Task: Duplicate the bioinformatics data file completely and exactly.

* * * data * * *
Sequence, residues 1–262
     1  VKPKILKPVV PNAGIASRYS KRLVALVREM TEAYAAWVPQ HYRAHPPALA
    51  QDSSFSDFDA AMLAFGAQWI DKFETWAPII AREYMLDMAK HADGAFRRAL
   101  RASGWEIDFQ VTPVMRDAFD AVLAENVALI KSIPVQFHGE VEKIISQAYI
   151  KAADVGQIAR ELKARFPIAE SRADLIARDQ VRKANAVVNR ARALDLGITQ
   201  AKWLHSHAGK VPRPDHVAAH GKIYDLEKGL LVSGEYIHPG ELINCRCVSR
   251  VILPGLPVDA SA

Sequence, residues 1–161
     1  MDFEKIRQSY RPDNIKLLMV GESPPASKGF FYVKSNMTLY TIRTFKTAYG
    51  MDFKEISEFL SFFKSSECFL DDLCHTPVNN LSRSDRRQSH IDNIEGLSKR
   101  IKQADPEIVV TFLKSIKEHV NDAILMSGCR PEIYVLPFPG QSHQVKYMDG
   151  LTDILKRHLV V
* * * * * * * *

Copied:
Sequence, residues 1–262
     1  VKPKILKPVV PNAGIASRYS KRLVALVREM TEAYAAWVPQ HYRAHPPALA
    51  QDSSFSDFDA AMLAFGAQWI DKFETWAPII AREYMLDMAK HADGAFRRAL
   101  RASGWEIDFQ VTPVMRDAFD AVLAENVALI KSIPVQFHGE VEKIISQAYI
   151  KAADVGQIAR ELKARFPIAE SRADLIARDQ VRKANAVVNR ARALDLGITQ
   201  AKWLHSHAGK VPRPDHVAAH GKIYDLEKGL LVSGEYIHPG ELINCRCVSR
   251  VILPGLPVDA SA

Sequence, residues 1–161
     1  MDFEKIRQSY RPDNIKLLMV GESPPASKGF FYVKSNMTLY TIRTFKTAYG
    51  MDFKEISEFL SFFKSSECFL DDLCHTPVNN LSRSDRRQSH IDNIEGLSKR
   101  IKQADPEIVV TFLKSIKEHV NDAILMSGCR PEIYVLPFPG QSHQVKYMDG
   151  LTDILKRHLV V